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United Ways Throughout Maryland Release Updated Research, Reveal Increase in Residents Struggling to Afford Basic Necessities

April 6, 2021

Baltimore, MD (September 12, 2018) – In Maryland, 825,433 households – 38 percent – could not afford basic needs such as housing, child care, food, transportation, healthcare and a smartphone in 2016. The data was reported in the 2018 Maryland United Way ALICE® Report, released today by United Ways throughout Maryland.

This report provides the most up-to-date, comprehensive look at the population called ALICE (Asset Limited, Income Constrained, Employed) in 2016. ALICE households have incomes above the Federal Poverty Level (FPL) but struggle to afford basic household necessities. In fact, a family of four needs a combined annual income of $69,672 to support a “survival budget.”

“At United Way of Central Maryland, the ALICE findings have reinforced our fight to ensure strong, healthy families in the neighborhoods we serve,” said Franklyn Baker, president and CEO, United Way of Central Maryland. “This updated research underscores the work still to be done in both advocating for and providing services to this vulnerable population.”

The ALICE Report includes Household Survival Budgets for basic necessities including housing, childcare, food, transportation and healthcare by county and by household size. This year’s ALICE budgets include the cost of a smartphone for each adult.

Following is a central Maryland county breakdown of Household Survival Budgets and percentage of households living below the ALICE Threshold:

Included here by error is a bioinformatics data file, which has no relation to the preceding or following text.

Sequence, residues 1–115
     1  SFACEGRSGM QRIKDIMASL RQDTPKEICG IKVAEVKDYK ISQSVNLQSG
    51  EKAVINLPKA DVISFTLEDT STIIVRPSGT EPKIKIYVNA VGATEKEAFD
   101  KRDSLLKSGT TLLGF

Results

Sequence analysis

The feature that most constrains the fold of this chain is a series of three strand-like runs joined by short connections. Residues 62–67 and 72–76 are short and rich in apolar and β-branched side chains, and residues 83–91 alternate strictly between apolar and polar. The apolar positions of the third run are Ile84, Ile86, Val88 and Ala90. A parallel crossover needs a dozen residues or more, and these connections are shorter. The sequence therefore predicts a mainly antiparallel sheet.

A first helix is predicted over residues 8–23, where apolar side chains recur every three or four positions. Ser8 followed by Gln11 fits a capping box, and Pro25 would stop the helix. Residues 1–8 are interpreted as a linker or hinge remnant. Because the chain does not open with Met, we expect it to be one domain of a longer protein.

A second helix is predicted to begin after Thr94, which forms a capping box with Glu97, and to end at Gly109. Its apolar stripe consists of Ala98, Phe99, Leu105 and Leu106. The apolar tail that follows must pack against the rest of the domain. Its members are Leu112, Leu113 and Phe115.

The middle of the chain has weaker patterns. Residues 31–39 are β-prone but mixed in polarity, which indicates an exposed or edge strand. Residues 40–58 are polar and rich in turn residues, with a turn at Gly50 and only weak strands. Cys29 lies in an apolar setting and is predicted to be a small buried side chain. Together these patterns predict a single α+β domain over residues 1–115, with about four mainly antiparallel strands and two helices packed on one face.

Anne Arundel County$82,33233%
Baltimore City$64,39247%
Baltimore County$76,34436%
Carroll County$78,04827%
Harford County$79,08033%
Howard County$85,80026%

Low-wage jobs dominating the employment landscape, half of all jobs paying less than $20 per hour, and an increase in “gig” and contractual jobs all contribute to decreased financial stability for working households.

Since 2010, Maryland’s Survival Budgets have increased steadily, reaching $69,672 for a family of four (two adults with one infant and one preschooler) and $26,052 for a single adult in 2016. Significantly higher than the Federal Poverty Level, which does not accurately reflect current, local costs of living, Survival Budgets have increased 27 percent compared to nine percent inflation for the same time period.

“ALICE isn’t going away,” said Baker, “and as this latest report shows, the numbers are only increasing. We must continue to work together to help remove barriers in areas such as housing, transportation and childcare that prevent so many of our citizens from leading a stable, secure life. Stronger, stable working families mean stronger, stable communities. And that’s something that United Way, our donors, volunteers, staff and partners fight for every day.”

This research will be used to stimulate meaningful discussion, attract new partners and ultimately inform strategies for positive change.

Maryland United Ways join more than 540 United Ways in 18 states that are working to better understand ALICE’s struggles. In 2017, United Ways in Maryland released an ALICE Report that looked at 2014 data and showed that 35% of Marylanders were either living in poverty or qualified as ALICE.

Funding for the Maryland ALICE report was made possible by OneMain Financial. “At OneMain Financial, we’re committed to helping people gain financial confidence, overcome financial crises and improve the health of our communities,” said Chief Marketing Officer Kim Wijkstrom. “Many of our customers fit into the ALICE profile. They’re hard-working, and yet still living on the edge where a financial challenge can quickly become a crisis. We’re proud to partner with United Way on this very important initiative that creates the awareness needed to improve the lives of people who struggle financially.”

For more information on the ALICE report, visit

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United Way of Central Maryland fights for the education, financial stability and health of every person in every community across central Maryland. By forging unlikely partnerships. By finding new solutions to old problems. By mobilizing the best resources. And by inspiring individuals to join the fight against our community’s most daunting social crises. Learn more at


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